So common, but so unknown that they deserve specific channels of disclosure so that more people can identify themselves.
Modern life has even caused some subtler problems in the ears that are not yet as famous as hearing loss. But as the community is identifying with these problems, soon they will be more popular than deafness.
Increasing exposure to noise, whether for fun, for work or simply for the hectic life of big cities, has changed the way the ears react to the sounds and has made them more sensitive.
The demand of people at doctors’ offices complaining about intolerance to sounds has increased greatly. Currently I see at least one person a day who is uncomfortable with the volume of voice of people talking, TV, traffic, food court in shopping malls, dog barking etc. This is the typical case of HYPERACUSIS, which is intolerance to the volume of sounds.
Although loud sounds are expected to upset people more than low one, Hyperacusis patients feel bothered with sounds before the expected intensity of 95 decibels (dB). A normal conversation reaches about 60-65dB. People with most severe cases of Hyperacusis feel discomfort when they hear sounds of 40-50dB, which practically makes a professional or social life unfeasible.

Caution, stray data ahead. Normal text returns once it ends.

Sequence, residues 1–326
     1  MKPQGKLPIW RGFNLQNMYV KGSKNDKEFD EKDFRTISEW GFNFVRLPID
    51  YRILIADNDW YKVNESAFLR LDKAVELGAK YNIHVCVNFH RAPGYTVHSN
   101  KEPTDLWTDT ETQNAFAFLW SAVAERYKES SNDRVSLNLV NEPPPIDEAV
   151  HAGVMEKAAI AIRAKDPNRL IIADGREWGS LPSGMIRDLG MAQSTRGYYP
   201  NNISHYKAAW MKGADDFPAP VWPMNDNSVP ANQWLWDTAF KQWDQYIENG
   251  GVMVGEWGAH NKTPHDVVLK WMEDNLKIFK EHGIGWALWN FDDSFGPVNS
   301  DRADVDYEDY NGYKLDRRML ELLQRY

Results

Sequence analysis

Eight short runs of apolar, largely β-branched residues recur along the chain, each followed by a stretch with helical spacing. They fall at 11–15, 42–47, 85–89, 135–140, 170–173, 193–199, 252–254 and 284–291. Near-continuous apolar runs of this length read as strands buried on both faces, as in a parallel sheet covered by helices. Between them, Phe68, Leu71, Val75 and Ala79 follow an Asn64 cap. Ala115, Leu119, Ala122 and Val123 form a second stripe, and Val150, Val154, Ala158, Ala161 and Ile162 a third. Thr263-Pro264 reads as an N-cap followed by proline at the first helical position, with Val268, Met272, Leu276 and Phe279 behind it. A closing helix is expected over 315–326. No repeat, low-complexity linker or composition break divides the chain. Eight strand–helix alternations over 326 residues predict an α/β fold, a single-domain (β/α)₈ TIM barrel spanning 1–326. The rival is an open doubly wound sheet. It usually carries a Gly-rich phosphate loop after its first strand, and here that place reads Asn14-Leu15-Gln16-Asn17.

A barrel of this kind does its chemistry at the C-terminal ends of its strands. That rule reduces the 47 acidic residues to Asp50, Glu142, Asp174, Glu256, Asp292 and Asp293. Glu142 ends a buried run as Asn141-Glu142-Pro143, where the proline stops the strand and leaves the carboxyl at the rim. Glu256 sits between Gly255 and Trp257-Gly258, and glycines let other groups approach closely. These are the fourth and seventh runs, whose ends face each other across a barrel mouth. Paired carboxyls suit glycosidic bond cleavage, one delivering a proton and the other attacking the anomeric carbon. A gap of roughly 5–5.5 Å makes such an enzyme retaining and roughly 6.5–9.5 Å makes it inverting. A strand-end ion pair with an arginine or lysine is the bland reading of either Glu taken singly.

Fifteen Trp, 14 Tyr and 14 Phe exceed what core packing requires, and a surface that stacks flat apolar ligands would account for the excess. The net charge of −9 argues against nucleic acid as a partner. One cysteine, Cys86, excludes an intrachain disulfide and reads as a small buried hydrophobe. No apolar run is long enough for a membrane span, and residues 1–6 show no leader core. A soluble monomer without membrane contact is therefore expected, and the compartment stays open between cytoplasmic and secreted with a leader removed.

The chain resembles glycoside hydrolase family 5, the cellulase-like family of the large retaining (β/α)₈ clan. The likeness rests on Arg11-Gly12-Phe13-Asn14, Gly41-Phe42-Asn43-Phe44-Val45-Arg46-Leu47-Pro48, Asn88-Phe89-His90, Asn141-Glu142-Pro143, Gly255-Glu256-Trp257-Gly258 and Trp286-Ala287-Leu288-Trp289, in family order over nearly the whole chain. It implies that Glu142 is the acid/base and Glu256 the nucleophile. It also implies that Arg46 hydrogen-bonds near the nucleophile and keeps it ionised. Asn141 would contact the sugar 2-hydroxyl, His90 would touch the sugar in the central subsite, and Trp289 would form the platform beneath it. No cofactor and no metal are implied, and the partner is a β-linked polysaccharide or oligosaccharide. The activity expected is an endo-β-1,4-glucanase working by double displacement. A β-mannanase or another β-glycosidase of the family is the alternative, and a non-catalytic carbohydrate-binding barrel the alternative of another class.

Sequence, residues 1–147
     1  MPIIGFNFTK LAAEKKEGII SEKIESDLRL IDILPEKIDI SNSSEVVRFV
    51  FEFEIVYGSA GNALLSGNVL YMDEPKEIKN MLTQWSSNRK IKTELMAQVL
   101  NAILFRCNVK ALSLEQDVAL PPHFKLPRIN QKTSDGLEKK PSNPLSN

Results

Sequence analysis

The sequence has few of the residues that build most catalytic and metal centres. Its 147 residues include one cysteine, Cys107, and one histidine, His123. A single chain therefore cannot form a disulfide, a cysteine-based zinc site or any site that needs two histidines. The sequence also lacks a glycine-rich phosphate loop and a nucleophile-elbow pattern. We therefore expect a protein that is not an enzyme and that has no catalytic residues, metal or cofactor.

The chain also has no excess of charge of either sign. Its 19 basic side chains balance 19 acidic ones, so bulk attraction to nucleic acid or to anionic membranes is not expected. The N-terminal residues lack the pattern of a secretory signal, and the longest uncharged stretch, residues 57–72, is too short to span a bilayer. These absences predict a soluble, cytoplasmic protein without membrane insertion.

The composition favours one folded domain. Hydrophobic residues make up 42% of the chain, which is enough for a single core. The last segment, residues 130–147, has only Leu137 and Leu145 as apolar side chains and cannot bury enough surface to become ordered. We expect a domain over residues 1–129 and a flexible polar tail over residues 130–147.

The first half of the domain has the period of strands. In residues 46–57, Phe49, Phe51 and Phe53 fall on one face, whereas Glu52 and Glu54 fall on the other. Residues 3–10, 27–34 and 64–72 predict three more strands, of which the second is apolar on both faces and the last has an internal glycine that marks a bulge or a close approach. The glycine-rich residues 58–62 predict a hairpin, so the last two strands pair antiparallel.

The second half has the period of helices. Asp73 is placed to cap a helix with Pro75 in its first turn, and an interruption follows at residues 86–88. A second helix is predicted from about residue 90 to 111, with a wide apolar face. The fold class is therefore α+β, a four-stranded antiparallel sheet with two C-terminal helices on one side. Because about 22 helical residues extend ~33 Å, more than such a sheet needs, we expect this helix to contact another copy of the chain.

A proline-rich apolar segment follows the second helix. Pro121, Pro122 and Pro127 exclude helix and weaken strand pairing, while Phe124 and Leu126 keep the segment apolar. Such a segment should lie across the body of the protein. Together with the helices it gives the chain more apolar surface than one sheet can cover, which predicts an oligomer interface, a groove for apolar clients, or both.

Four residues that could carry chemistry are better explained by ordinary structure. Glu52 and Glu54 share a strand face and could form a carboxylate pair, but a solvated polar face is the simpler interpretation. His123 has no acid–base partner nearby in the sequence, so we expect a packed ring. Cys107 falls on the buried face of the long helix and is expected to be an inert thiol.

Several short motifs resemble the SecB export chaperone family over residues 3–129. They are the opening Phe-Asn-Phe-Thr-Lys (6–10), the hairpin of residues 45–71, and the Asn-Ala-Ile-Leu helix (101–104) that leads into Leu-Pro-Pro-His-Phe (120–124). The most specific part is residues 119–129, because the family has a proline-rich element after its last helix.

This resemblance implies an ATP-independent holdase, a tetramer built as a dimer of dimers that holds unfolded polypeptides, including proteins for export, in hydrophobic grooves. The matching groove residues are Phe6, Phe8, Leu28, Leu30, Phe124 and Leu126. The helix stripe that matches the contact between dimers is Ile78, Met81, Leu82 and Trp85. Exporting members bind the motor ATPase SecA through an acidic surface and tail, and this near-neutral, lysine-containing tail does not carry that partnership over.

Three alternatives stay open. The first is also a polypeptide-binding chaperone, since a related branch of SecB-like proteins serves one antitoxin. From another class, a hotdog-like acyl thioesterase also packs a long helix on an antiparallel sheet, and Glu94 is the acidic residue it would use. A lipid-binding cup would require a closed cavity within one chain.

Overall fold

It is also common to receive young patients bothered with low, but repetitive sounds such as people chewing their meals or chewing gum, sniffing nose, bullet paper, popcorn or salty paper the movies, finger drumming, pen click, slipper dragging etc. Unlike the other patients, these young people have a strong anger reaction when they hear these sounds and some even become aggressive. For them, it is not enough to turn down the volume of the sound, they have to stop it. This is the MISOPHONIA or Selective Sound Sensitivity Syndrome, also known as 4S.
Together or separated, they can be enlivened with different treatments, but they should be personalized on a case-by-case basis: medications, sound therapy with low intensity sounds, cognitive behavioral therapy and lots of information. Understanding the problem is half the way for those who do not know what they have.
The SOS Misophonia (www.misofonia.com.br) helps to understand a little more about this recent and devastating disease, in addition to alerting another individual ‘anonymously’ (be it in the school or professional environment) that the noise produced brings a great deal of uncomfortable.
Tinnitus: although many people think that there is no treatment for tinnitus, several patients have improvement and also some have even reached the cure. It is necessary to analyze complete information about the patient, beyond the ear, such as the work routine, eating habits – the intake of fats, caffeine and sweets -, use of medications, listening habits to music, among others.